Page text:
This is it—the penultimate episode of Up All Night’s first season. Freshman comedies typically go one of two ways: they either crash and burn halfway through, or they actually succeed. It’s a pretty easy coin toss, but it’s one that terrifies networks. What exactly makes a show a good one? Plot that makes the initial concept appealing. Acting that makes the characters loveable. Even the sets help make it look realistic and not cheap.
There are so many variables that make a show successful and Up All Night checked the majority of the boxes. There have been ups and downs, and all that’s left is this week’s episode “Letting Go,” with guest star Stevie Nicks, and next week’s finale with Fred Armisen making an appearance.
“Letting Go” could have been the last episode in the season. It certainly feels like one. A lot of the characters have come full circle with personal revelations, but it looks like the producers wanted one last knock-out punch delivered with next week’s episode.
It’s been a long, tiring year for Chris and Reagan. Their baby has cried throughout countless nights, and along the way Amy has surprised her parents with a lot of memorable firsts. However, when the baby starts walking, the Brinkleys have a little trouble adapting to this huge step (I’m not even sorry about the pun) in Amy’s life. Then we get to see a classic over-the-top Reagan moment when she thinks Amy has walked out of the front door and made it into the city. Into the city! Throughout the season Reagan has struggled with overprotecting her daughter, and this will be a good jumping-off point for her growth in the next season.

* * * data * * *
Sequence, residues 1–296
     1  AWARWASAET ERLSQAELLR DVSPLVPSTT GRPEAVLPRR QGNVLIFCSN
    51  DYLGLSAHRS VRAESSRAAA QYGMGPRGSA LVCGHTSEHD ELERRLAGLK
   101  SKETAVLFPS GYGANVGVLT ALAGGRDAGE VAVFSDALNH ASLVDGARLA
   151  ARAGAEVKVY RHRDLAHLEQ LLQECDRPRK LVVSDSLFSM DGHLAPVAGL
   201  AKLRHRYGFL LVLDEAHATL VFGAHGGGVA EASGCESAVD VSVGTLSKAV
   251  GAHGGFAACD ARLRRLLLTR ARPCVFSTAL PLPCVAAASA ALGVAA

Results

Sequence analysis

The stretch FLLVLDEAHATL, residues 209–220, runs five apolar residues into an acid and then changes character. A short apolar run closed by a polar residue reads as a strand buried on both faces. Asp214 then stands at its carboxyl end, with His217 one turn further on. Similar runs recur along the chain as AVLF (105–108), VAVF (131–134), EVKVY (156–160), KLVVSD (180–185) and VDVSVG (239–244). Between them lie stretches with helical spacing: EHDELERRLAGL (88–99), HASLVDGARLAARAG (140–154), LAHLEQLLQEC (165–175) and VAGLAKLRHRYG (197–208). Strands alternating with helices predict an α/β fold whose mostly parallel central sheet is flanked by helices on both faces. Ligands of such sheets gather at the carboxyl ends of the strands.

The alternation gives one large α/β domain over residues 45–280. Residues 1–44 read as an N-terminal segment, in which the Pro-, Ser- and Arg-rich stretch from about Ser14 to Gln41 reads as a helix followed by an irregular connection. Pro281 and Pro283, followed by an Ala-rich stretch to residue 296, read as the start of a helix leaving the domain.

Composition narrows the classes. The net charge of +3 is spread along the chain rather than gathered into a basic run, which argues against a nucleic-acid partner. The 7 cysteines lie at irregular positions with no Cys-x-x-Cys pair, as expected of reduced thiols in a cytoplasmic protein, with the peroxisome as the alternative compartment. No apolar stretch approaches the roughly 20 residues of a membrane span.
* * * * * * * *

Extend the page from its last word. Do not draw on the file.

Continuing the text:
As I said, this could have been and probably was the finale.
Meanwhile Chris, who pulled a muscle while trying to take off a brand new fitted t-shirt, joins a younger hockey league in another attempt to prove he’s still got it. Throughout this season he’s attempted to prove that he can still be a lawyer, that he’s hipper than college grads in Williamsburg and that above all, he’s in shape. He finally admits that he’s afraid of moving on to the next chapter in his life and just wants to move on. I think he says it best: “Inside this gnarled-looking Yoda body is a young Peter Pan.”
If more of the episodes were this emotional and dealt with this theme, then I could argue Up All Night could have been one of the best first season’s in recent memory, but there were too many so-so episodes that relied on guest stars. This episode is another that implements the strategy. However, the other plots were so strong that Stevie Nicks’ appearance seemed like the cherry on top of a sundae, and it wasn’t the foundation of an entire plot.
Instead, Nicks (who is playing herself) supplements the show and helps the characters make revelations about themselves. The result is a sweet episode that makes you go “awww.”